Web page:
We’ve heard very clearly from that there are key features of interactions with those children, young people and young adults that are essential to get to the honest heart of problems they may be suffering from. Those features include the values of mutual respect; promoting diversity and valuing people as individuals.
If we listen to children, young people and young adults our best days are likely to be still ahead of us. If we reach for those days together, in true partnership with the principle of co-design firmly rooted in all of our interactions, we can all have a much better role to play in building a stronger, fairer, more inclusive society. A society for children, young people, young adults and adults alike with healthy children and young people at the very heart of it.
We deserve it to children, young people and young adults to work our hardest to make life better for them and for their families. Throughout this project the professionals and the children, young people and young adults who have worked collaboratively together have had to discuss some very sensitive and potentially difficult topics. To do that in an open way – with each party willing to be transparent about the change that they would like to see, has shown great courage.
We need to get a firm message across to professionals, be they from the NHS or elsewhere, that children, young people and young adults need to be reassured that they won’t be judged and that their rights will be fully protected.
Of course, we won’t always get it right but we all have a responsibility to try our very best and this new engagement model – co-designed with children, young people and young adults – gives us just that opportunity.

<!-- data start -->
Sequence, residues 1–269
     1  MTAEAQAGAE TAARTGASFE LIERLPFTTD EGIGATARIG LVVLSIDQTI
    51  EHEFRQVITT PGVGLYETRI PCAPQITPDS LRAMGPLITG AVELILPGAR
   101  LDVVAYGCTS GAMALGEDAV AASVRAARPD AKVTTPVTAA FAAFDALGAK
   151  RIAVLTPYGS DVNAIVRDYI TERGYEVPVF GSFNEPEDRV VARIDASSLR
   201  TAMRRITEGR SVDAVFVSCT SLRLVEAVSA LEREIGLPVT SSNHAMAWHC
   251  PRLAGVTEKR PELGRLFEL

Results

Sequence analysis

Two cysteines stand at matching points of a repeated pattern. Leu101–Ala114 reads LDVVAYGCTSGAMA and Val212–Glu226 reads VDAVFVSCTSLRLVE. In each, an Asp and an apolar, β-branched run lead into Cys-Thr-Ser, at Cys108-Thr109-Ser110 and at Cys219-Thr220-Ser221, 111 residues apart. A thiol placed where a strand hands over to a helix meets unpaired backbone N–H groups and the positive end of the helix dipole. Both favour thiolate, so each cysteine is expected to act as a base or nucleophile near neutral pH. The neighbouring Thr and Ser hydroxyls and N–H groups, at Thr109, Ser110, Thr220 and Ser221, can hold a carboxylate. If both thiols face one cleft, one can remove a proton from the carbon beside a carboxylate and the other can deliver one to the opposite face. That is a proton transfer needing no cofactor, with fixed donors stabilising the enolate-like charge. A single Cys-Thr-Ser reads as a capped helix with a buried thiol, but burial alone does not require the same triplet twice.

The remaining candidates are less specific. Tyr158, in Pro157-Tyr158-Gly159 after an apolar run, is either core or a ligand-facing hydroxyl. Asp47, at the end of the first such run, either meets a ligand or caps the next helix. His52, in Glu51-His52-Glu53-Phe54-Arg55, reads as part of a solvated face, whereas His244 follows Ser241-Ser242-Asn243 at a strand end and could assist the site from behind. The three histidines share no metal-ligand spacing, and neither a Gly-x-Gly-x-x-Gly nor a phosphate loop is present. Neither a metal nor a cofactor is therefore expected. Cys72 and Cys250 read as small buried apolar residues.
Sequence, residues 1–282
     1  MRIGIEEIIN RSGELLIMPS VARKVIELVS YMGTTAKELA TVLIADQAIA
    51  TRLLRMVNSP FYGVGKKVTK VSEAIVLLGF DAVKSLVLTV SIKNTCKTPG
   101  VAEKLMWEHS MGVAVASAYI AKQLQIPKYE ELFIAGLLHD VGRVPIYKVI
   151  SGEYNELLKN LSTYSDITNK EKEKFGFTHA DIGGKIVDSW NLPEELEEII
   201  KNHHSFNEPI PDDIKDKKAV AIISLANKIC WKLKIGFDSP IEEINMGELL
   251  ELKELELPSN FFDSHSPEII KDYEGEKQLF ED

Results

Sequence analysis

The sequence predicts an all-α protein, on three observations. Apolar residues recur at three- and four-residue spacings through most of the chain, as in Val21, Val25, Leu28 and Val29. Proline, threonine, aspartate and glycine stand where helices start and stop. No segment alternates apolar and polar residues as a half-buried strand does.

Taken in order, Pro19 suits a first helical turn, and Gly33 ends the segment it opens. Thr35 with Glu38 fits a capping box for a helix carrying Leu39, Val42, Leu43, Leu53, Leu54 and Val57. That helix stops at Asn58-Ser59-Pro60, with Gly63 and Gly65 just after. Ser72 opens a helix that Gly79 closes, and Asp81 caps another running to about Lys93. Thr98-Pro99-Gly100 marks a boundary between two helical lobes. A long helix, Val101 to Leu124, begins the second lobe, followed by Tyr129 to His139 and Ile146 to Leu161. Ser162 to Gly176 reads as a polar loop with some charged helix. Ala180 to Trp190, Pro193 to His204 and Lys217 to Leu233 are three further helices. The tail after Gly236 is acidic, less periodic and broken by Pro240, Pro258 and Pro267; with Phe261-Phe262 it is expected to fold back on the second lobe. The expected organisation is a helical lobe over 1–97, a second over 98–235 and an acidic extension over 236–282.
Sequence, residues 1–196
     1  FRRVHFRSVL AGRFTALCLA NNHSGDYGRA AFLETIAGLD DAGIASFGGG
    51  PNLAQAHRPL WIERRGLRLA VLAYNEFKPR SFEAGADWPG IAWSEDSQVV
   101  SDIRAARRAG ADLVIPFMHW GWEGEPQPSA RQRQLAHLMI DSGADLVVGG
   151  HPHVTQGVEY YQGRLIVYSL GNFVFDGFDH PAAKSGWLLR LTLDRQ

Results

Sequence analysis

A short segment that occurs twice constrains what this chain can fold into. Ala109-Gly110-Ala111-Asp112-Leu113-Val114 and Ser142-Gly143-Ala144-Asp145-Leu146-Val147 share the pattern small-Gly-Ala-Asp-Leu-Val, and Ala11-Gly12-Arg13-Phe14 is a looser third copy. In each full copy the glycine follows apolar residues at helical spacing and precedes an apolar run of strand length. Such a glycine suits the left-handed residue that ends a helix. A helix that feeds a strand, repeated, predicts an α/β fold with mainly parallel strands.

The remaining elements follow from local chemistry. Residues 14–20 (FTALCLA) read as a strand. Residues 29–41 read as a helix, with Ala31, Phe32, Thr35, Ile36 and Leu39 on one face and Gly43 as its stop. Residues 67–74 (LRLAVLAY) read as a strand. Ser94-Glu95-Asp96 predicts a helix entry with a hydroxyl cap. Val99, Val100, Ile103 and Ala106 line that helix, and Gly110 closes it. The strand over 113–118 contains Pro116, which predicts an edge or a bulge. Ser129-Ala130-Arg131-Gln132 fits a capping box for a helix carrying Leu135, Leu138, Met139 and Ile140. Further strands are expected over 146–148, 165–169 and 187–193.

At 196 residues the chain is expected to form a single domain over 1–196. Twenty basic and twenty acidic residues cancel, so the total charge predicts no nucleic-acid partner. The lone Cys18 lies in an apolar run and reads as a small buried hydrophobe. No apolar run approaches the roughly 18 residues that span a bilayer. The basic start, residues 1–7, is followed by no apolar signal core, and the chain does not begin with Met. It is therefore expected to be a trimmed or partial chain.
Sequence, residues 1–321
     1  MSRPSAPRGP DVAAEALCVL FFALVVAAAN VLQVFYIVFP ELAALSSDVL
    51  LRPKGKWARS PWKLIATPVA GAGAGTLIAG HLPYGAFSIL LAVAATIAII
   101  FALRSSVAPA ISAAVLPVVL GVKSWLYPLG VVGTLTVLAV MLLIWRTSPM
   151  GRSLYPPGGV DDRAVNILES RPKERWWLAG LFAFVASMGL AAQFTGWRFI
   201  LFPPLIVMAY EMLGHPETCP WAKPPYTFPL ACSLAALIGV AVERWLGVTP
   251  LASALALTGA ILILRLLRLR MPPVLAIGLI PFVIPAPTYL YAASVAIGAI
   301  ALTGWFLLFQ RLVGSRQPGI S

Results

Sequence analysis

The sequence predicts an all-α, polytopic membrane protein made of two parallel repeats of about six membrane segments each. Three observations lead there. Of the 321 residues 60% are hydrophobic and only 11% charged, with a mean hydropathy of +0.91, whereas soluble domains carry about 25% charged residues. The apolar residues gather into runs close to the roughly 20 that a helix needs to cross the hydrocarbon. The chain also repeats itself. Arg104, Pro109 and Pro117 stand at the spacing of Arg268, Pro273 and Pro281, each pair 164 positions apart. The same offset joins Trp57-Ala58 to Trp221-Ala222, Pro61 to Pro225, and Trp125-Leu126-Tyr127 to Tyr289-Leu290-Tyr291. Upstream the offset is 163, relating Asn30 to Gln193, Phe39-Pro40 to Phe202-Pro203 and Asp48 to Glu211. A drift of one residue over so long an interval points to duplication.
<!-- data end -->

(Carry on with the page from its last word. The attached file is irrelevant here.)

The outputs of this project are, of course, just the start. What we now need is other organisations to take up these ideas and develop them into their routine work.
I hope that organisations and individuals alike will be enthused and encouraged to respond positively to the outcomes of this project and to move forward with the concepts that have been co-designed throughout it.
By valuing the input of children, young people and young adults and by recognising that their opinions, thoughts and dreams are important, together we can make a brighter future for us all.
Working with children, young people and young adults has never been as important as it is now, and it has to be our collaborative mission together to give every child, young person and young adult every chance of happiness, every chance of good health and every chance of protection from harm.
It is difficult to try and summarise over a year’s work in just a few words which will give justice to the amazing work that everyone involved in this project has undertaken – so I won’t try and do that. Instead I’ll leave you to carefully consider all of the materials available – be they videos, art work, media or our engagement model – and let you work out how your organisation or you as an individual can ensure that in the future, co-design of projects, services and initiatives for children and young people, with children and young people, and tackling potentially sensitive discussions, will be Not Just a Thought…
Professor Andrew Rowland